Pizarro-Guajardo M1Díaz-González F1Álvarez-Lobos M2Paredes-Sabja D1Front Cell Infect Microbiol. 2017 Aug 14;7:365. doi: 10.3389/fcimb.2017.00365. eCollection 2017.

1
Microbiota-Host Interactions and Clostridia Research Group, Departamento de Ciencias Biologicas, Universidad Andres BelloSantiago, Chile.
2
Departamento de Gastroenterología, Facultad de Medicina, Pontificia Universidad CatólicaSantiago, Chile.

Abstract

Clostridium difficile infection (CDI) are the leading cause of world-wide nosocomial acquired diarrhea. The current main clinical challenge in CDI is the elevated rate of infection recurrence that may reach up to 30% of the patients, which has been associated to the formation of dormant spores during the infection. We sought to characterize the effects of oral administration of specific anti-spore IgY in mouse models of CDI and recurrent CDI. The specificity of anti-spore IgY was evaluated in vitro. In both, initiation mouse model and recurrence mouse model, we evaluated the prophylactic and therapeutic effect of anti-spore IgY, respectively. Our results demonstrate that anti-spore IgY exhibited high specificity and titers against C. difficile spores and reduced spore adherence to intestinal cells in vitro. Administration of anti-spore IgY to C57BL/6 mice prior and during CDI delayed the appearance of the diarrhea by 1.5 day, and spore adherence to the colonic mucosa by 90%. Notably, in the recurrence model, co-administration of anti-spore IgY coupled with vancomycin delayed the appearance of recurrent diarrhea by a median of 2 days. Collectively, these observations suggest that anti-spore IgY antibodies may be used as a novel prophylactic treatment for CDI, or in combination with antibiotics to treat CDI and prevent recurrence of the infection.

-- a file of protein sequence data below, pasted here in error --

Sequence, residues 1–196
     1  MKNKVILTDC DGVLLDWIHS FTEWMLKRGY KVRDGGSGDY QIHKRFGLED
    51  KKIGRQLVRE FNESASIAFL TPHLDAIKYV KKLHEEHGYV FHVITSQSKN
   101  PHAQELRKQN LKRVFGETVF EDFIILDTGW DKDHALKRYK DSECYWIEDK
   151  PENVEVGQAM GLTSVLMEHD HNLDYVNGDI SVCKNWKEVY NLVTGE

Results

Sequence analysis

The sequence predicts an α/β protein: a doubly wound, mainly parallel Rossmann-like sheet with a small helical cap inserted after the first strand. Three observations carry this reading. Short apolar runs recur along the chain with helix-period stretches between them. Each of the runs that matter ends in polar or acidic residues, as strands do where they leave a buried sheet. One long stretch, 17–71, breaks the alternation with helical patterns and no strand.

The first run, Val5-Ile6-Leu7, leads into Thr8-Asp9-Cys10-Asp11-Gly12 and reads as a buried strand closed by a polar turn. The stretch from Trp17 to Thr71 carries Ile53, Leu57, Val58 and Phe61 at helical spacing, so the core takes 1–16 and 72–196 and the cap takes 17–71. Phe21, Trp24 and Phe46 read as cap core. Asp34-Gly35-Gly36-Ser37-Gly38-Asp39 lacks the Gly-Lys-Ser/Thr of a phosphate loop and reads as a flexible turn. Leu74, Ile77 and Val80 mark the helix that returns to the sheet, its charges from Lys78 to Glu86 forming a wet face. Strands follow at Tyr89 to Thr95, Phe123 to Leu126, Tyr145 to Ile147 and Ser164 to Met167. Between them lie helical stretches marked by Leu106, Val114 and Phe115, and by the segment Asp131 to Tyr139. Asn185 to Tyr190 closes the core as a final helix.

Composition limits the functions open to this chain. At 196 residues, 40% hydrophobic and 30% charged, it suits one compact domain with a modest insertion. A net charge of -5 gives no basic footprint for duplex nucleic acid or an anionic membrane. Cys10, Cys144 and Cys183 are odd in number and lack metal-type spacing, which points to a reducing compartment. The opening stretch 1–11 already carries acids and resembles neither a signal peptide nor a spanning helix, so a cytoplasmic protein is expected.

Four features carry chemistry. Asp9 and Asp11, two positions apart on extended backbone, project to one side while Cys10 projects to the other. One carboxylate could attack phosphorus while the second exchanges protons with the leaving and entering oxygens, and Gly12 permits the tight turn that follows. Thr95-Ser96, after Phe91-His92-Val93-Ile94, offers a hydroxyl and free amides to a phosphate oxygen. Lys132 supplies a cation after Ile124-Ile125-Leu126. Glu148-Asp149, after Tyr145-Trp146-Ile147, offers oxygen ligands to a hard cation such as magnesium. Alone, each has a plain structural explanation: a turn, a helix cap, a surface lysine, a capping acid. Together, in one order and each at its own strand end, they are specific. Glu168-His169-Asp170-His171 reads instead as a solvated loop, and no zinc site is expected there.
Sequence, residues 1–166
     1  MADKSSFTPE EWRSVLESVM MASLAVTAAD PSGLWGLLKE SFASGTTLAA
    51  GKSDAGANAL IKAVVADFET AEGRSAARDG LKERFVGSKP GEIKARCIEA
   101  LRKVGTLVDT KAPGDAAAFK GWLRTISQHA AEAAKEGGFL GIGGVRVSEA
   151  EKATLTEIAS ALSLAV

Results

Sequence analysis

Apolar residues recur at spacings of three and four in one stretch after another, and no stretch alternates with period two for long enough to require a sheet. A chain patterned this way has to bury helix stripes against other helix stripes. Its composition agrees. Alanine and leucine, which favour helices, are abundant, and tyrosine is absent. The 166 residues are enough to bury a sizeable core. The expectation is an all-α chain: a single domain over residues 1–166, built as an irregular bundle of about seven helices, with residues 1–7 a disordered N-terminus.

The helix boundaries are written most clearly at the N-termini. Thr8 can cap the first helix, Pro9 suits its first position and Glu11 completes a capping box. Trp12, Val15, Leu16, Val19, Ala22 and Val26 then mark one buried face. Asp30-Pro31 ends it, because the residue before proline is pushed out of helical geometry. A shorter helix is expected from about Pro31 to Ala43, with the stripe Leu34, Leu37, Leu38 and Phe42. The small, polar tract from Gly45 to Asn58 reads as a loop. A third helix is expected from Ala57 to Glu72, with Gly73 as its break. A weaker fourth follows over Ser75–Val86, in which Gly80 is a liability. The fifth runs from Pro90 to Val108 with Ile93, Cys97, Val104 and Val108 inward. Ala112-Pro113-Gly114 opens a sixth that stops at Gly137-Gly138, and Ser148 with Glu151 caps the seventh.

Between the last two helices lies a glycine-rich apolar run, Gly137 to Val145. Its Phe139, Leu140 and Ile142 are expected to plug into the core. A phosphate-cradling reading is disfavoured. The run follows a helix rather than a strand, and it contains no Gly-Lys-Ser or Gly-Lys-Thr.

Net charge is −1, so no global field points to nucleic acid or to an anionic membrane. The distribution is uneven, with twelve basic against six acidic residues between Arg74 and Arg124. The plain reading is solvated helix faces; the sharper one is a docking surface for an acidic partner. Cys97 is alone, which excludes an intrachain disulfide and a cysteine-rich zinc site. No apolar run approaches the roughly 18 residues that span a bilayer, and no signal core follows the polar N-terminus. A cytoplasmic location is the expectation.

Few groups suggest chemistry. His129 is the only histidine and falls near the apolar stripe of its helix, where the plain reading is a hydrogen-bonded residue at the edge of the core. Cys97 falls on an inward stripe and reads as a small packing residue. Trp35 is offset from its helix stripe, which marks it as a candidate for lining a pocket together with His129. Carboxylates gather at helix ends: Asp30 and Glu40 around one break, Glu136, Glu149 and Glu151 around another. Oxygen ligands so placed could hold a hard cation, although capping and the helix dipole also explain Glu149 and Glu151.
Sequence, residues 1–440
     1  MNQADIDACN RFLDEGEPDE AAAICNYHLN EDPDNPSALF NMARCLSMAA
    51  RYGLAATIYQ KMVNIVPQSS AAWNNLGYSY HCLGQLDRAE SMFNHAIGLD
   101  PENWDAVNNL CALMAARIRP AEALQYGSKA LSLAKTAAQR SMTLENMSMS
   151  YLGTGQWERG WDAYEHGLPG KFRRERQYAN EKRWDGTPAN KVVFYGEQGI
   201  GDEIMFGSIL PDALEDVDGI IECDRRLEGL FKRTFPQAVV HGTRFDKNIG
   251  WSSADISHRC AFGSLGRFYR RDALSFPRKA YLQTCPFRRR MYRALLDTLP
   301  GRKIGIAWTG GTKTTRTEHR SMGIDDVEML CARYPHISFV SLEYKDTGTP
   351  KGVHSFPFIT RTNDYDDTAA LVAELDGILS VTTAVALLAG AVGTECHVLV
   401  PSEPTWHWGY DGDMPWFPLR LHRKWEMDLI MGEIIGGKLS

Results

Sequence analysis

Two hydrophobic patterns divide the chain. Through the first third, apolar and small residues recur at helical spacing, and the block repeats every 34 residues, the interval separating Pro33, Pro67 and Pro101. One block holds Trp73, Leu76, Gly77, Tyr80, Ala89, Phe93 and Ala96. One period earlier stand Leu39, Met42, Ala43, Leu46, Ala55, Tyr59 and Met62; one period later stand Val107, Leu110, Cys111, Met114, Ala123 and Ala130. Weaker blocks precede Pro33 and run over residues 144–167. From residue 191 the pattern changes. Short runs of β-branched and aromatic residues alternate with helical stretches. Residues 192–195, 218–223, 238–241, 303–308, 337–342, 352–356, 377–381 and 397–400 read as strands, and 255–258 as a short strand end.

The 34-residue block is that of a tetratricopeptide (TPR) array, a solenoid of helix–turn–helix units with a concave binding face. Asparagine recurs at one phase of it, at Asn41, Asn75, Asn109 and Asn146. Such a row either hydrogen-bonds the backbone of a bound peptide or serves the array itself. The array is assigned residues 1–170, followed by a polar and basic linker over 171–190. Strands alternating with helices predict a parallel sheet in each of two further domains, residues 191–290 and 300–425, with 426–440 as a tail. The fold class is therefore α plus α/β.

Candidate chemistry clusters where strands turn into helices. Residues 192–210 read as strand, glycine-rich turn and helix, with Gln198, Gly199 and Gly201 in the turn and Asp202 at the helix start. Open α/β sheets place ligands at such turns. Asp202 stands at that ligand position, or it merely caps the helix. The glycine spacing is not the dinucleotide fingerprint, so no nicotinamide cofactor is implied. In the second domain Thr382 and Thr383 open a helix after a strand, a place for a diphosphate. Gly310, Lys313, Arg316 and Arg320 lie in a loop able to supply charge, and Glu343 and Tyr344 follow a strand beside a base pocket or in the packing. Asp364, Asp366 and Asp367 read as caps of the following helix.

KEYWORDS:

Clostridium difficile spores; chicken immunoglobulin IgY; exosporium; germination; immunotherapy; passive immunization; recurrent CDI; sporulation

PMID:
 
28856119
 
PMCID:
 
PMC5557795
 
DOI:
 
10.3389/fcimb.2017.00365